Flak

FLieger Abwehr Kanone

88 in Flak Battery Configuration
88 in a Field Configuration
Diorama by Ross Kelley-Vincent

           Whether the designers of the ‘German 88’ meant 8.8 Centimeters or 88 Millimeters (8.8cm = 88mm) is a moot point; the most versatile and deadly artillery piece of the war was  the German's 88 gun.  It could appear on a Tiger tank, as an anti-tank gun, assault or as an anti-aircraft gun. It could knock out Allied tanks at ranges up to 2,000 yards, or hit an aircraft as high as 40,000 feet, and proved lethal as an anti-infantry weapon when it fired fused shells to create air bursts.

 

           During the Spanish Civil War the German 88 found action on the front lines and a British officer with the Loyalists observed the weapon first hand. He filled out an intelligence report describing the weapon's abilities.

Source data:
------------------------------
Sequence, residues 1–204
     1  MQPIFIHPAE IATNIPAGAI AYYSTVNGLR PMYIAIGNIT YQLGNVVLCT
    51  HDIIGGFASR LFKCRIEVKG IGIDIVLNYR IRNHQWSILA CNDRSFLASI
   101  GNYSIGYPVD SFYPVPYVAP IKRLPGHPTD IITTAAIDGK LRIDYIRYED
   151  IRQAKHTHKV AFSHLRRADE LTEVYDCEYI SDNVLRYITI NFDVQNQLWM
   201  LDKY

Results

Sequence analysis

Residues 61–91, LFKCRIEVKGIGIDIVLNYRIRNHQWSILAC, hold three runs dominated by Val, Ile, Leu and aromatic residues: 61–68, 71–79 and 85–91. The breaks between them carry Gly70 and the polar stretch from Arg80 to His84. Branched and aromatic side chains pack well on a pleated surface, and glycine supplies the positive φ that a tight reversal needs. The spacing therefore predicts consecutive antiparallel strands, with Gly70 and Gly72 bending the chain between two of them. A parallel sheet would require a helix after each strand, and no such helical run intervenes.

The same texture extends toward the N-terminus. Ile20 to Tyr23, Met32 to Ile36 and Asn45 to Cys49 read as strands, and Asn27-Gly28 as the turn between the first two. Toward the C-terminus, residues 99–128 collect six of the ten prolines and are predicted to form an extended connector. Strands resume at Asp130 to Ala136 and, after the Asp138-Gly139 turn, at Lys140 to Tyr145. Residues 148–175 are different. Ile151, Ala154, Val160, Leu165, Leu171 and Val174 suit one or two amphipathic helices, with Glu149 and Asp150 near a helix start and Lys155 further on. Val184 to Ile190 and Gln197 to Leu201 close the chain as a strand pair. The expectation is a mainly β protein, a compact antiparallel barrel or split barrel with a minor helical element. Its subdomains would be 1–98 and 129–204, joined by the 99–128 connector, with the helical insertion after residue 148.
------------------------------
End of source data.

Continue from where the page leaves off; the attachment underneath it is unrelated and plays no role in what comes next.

However, when the report arrived in England, Whitehall filed it as unreliable because his superiors believed the officer exaggerated the 88's capabilities.

 

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